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8 Things That Have A Different Meaning in Egypt

We've never been a nation to abide by definitions...

Ever partied in Egypt wearing a miniskirt? Ever waited for a green light to cross the street? Ever wondered where the paper bin was? Some things are just not the same here as they are all over the world... 


North America was hit with what most people around the world consider "winter" this week: a wall of snow swept across the city of Buffalo, NY, covering it in a blanket of white fluff. In Egypt, the absence of seasons means that winter is a word associated with a slightly higher chance of rain and the necessity for a cardigan. When snow actually touched down in parts of Cairo last year in December it actually made international headlines, that's how earth-shattering it was. In the rest of the world the white glory is a firm part of the cold season. 


When people all over the world would be asked to paint a picture of nature they would overwhelmingly choose the colour green to do so. Egypt does feature nature, however, except for an oasis in the desert or the Nile Delta such nature seldom includes the colour green. When enjoying nature in Egypt one will be browsing the mountains of Sinai or ride through the dunes in the Sahara. The air is clean there but life is significantly harder to spot.


When Ke$ha described her perfect night of partying in the song Tik Tok, brushing her teeth with a bottle of Jack and waiting until the police shuts her down, it was obvious Ke$ha is not partying in the streets of Egypt. The international meaning of partying often requires stumbling home, barely conscious. General misbehavior due to alcohol consumption will probably find little understanding with the rest of the population. Hence, partying in Egypt has a different meaning than in the rest of the world and is confined to private places or away from the majority of the general public.  


In the United States, a historic building is considered anything that was there before the 20th century. In most parts of Europe, tourists will find historic churches that were built in the Middle Ages. And in Asia the Great Wall of China blows people away by having been around since the 7th century BC. When considering these numbers, Egyptians may only laugh, considering that there are buildings, treasures and mummified corpses that were found here that are older than that. Way older. The Great Pyramids make the Great Wall look super modern, having been built a whopping 2000 years before it. Frankly, Egypt's historic opulence makes any other countries look like babies.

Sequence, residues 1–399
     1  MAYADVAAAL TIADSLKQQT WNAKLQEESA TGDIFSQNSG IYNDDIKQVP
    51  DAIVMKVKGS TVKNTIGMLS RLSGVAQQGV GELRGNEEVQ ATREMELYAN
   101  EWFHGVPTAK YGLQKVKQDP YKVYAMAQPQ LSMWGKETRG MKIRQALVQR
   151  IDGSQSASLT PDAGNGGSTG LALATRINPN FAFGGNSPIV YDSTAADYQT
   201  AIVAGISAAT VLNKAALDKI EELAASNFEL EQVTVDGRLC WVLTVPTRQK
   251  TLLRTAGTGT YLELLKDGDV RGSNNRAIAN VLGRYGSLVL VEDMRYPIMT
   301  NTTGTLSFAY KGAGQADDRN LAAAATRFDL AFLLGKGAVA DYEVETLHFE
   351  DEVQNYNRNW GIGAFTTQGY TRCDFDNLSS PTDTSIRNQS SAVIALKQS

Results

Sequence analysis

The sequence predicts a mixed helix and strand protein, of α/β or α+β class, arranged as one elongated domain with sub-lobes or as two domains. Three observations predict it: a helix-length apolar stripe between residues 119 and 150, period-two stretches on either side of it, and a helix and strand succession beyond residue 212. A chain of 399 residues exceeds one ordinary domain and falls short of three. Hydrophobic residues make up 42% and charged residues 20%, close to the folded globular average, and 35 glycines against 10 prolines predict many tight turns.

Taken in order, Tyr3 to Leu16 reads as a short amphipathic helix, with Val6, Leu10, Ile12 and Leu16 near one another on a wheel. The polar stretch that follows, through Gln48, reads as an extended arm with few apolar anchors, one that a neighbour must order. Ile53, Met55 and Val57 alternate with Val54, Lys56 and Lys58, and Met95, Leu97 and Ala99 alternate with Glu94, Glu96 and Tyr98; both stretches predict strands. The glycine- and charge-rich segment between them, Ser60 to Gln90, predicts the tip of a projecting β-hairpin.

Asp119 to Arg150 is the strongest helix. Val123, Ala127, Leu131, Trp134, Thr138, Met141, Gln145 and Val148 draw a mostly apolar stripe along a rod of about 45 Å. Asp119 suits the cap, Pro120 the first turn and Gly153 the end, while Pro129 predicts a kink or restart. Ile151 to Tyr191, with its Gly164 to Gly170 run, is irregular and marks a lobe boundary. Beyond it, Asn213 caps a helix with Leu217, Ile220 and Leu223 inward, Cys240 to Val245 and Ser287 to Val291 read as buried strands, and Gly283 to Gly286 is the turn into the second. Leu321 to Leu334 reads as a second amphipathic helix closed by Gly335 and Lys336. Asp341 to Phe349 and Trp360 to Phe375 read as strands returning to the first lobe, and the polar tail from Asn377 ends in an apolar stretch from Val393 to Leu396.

In the vast majority of countries that decided to put sidewalks next to steets, they are used by cautious pedestrians to make sure cars don't run them over. Why were these built in Egypt? Not only is walking in the street much easier because you need a ladder to get on some of these sidewalks but some just randomly end, have huge holes in them or are blocked by parked cars that consider them spots rather than pedestrian shelters. Sooner or later, every person walking on Egypt's sidewalks finds themselves switching to the street at some point, even if that means sharing the surface with buses traveling at 100 miles an hour.


Some foods are done differently in Egypt: ordering salad abroad will not get you hummus and tahina and getting a desert doesn't always mean eating something that will give you an instant cavity. However, the biggest difference to the rest of the world is ordering coffee. Most countries do not consider Nescafe a suitable alternative to a fresh roast, and there is hardly a place outside of Egypt that would serve you a cup of Nescafe when all you wanted is a cup of REAL coffee.

Traffic Signs

When's the last time you have used a green light to cross the street in Egypt? That's right, never! Although traffic lights do or did exist in this country at some time in some places, Egyptian driving behaviour does not allow for them to be abided by. In most places of the world they also have something called a "crosswalk" that allows for pedestrians to safely cross a busy street. Such fantasies are nothing but surreal in Egypt where crosswalks may exist but have no meaning to drivers.


It appears that the only recycling decision one may make in Egypt is what side of the sidewalk to toss your trash on. The absence of trash cans of any kind is contributing to mountains of waste all over the place and the impossibility of recycling. Plastic bottles and soda cans which are all used in Egypt in the thousands every day would all be perfect to recycle. For now, it remains a unlikely that all the valuable waste will find another purpose after use in Egypt in the future.